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US Credit Card Debt Shrinks Due to Coronavirus Recession

US Credit Card Debt Shrinks Due to Coronavirus Recession - Featured Image

For the first time in almost three years, consumer credit card debt in the US has fallen below $1 trillion. That statistic is among the data points outlined in a July 8 report from the Federal Reserve.

The report cites drastic changes in consumer behavior during the coronavirus pandemic as a leading cause of the debt shrinkage, which plunged by $100 billion after reaching a record high in February 2020.

The global health crisis has forced the shutdown of bars, restaurants, and sports venues. Widespread financial insecurity and health restrictions left Americans with fewer opportunities to swipe their credit cards. “Consumers had no choice but to spend less on their credit cards,” said Danielle D. Booth, CEO of Quill Intelligence.

Bank of America research shows that the average seven-day spending at big chain restaurants was down by 40% in April compared to the same month in 2019. It took until June for the metric to recover to normal levels.

According to the National Bureau of Economic Research, the coronavirus pandemic also brought on an unprecedented decline in employment and production.

The unemployment rate peaked at 14.7% in April, and while strong job gains lowered the metric to 11.1%, this is still higher than it was at any point during the Great Recession. Although unemployment claims are starting to drop, 1.3 million applied for assistance in the first week of July.

Major companies including Brooks Brothers, Chesapeake Energy, and Neiman Marcus all filed for bankruptcy during the March-June period. United Airlines warned it may furlough up to 36,000 employees, while Levi Strauss and Harley Davidson announced hundreds of job cuts.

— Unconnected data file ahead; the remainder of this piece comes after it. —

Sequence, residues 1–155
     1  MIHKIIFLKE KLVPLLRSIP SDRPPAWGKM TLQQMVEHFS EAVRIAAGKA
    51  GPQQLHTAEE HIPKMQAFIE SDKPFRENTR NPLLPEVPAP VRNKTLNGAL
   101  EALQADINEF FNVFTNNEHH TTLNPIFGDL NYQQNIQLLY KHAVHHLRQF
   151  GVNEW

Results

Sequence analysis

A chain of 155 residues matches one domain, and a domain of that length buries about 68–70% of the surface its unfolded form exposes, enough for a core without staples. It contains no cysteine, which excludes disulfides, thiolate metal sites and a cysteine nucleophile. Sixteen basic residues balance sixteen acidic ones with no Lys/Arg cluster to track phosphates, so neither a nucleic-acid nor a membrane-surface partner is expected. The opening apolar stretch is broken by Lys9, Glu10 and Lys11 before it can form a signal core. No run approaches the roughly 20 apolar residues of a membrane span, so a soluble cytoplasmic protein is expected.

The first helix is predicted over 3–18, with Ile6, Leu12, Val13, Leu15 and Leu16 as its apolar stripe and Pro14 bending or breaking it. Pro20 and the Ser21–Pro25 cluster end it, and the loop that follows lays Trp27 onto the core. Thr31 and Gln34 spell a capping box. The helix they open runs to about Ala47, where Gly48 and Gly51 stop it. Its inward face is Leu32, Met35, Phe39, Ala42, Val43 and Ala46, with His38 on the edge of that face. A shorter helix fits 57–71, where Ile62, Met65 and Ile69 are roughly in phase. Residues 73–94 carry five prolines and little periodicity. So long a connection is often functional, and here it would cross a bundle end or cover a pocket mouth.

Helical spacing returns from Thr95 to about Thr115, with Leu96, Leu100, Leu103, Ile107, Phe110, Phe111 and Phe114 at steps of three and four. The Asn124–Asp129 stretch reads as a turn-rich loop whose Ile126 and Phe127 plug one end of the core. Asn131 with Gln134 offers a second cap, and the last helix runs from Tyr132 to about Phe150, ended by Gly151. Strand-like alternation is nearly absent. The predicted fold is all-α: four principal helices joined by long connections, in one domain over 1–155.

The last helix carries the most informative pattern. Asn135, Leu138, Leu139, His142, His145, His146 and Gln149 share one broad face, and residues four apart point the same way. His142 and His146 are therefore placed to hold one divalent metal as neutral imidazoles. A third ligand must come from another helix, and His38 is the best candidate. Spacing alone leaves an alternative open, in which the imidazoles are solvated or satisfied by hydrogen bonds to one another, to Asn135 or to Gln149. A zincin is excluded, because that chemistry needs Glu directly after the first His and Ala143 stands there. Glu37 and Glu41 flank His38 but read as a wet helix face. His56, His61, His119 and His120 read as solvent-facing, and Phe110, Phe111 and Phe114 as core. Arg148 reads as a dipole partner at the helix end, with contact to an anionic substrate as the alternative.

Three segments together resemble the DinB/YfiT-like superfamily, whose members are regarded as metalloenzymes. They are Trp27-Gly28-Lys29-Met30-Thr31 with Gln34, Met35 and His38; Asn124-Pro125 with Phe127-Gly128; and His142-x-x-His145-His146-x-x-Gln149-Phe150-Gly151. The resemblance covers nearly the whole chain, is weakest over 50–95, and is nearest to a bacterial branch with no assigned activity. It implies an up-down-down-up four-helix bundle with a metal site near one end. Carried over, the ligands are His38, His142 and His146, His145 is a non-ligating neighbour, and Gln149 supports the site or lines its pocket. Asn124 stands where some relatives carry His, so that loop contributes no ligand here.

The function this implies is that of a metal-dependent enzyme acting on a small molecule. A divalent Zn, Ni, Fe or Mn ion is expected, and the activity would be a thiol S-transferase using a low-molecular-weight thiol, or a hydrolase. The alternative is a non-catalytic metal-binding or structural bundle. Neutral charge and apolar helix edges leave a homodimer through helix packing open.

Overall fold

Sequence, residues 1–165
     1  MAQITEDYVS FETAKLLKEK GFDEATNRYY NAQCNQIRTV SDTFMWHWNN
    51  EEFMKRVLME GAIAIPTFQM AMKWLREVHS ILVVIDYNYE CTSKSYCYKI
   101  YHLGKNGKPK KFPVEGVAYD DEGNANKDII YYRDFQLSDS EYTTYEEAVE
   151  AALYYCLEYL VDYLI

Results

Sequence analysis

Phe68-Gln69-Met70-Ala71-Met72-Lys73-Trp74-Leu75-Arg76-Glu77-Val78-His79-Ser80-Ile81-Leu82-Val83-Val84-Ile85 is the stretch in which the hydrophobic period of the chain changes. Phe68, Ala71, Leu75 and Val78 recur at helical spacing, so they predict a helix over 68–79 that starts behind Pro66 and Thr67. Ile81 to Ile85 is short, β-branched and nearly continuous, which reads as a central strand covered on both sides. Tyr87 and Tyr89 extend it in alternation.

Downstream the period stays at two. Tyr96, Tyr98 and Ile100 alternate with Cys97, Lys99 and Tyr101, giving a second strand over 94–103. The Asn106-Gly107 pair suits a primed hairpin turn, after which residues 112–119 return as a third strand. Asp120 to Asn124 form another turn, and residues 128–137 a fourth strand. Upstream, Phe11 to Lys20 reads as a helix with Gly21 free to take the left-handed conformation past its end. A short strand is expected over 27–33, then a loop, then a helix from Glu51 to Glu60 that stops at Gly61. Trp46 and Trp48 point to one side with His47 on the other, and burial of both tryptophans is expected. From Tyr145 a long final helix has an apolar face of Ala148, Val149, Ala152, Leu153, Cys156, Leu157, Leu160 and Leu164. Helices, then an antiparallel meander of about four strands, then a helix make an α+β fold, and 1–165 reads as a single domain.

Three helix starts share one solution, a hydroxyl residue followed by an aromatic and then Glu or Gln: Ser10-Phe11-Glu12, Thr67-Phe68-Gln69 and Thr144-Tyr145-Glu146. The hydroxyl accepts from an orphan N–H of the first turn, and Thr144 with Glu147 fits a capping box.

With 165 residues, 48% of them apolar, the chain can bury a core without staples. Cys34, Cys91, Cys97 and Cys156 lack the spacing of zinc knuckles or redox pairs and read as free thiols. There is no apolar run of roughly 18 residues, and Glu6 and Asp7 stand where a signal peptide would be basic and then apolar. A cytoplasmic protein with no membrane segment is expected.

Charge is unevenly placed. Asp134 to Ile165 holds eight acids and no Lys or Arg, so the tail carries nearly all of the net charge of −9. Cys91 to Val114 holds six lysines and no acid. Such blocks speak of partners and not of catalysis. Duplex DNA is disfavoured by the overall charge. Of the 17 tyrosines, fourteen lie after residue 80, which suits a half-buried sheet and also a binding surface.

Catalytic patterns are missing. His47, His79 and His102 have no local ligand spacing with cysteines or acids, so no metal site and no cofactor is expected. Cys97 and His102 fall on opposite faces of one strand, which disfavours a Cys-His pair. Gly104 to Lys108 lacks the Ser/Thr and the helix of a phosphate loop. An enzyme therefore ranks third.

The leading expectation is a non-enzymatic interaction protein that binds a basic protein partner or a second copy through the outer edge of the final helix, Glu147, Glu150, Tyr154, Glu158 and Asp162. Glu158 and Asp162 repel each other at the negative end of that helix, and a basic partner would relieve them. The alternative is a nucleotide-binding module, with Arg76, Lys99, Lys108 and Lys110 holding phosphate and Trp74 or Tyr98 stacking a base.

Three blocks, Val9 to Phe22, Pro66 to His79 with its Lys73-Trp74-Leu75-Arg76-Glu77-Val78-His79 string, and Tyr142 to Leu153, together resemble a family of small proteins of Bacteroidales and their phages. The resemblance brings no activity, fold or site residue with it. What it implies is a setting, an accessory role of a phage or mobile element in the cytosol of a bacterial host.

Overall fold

Given this backdrop, it’s no surprise that Americans are easing back on revolving credit. “Americans are behaving in an eminently rational fashion,” said RSM International chief economist Joe Brusuelas.

Not all types of debt are declining. Student debt and auto loans rose by $6 billion in May.

Shrinkage of credit card debt sounds encouraging in an age of economic instability. However, this change in consumer habits can have negative consequences for the US economy, which is mostly driven by consumer spending. “You want a confident consumer to spend [their] income. We’re just not seeing that right now,” Brusuelas said.

Emergency economic measures such as stimulus checks and an additional $600 in weekly unemployment benefits have also reduced dependence on swiping the plastic.

The enhanced unemployment benefits are set to expire at the end of July. Economists and politicians are debating whether to extend them, as this could discourage people from looking for new jobs. Experts also fear that canceling unemployment benefits could lead to over-reliance on credit cards, ultimately reversing the revolving credit plunge.


About author
G. Dautovic

I have always thought of myself as a writer, but I began my career as a data operator with a large fintech firm. This position proved invaluable for learning how banks and other financial institutions operate. Daily correspondence with banking experts gave me insight into the systems and policies that power the economy. When I got the chance to translate my experience into words, I gladly joined the smart, enthusiastic Fortunly team.

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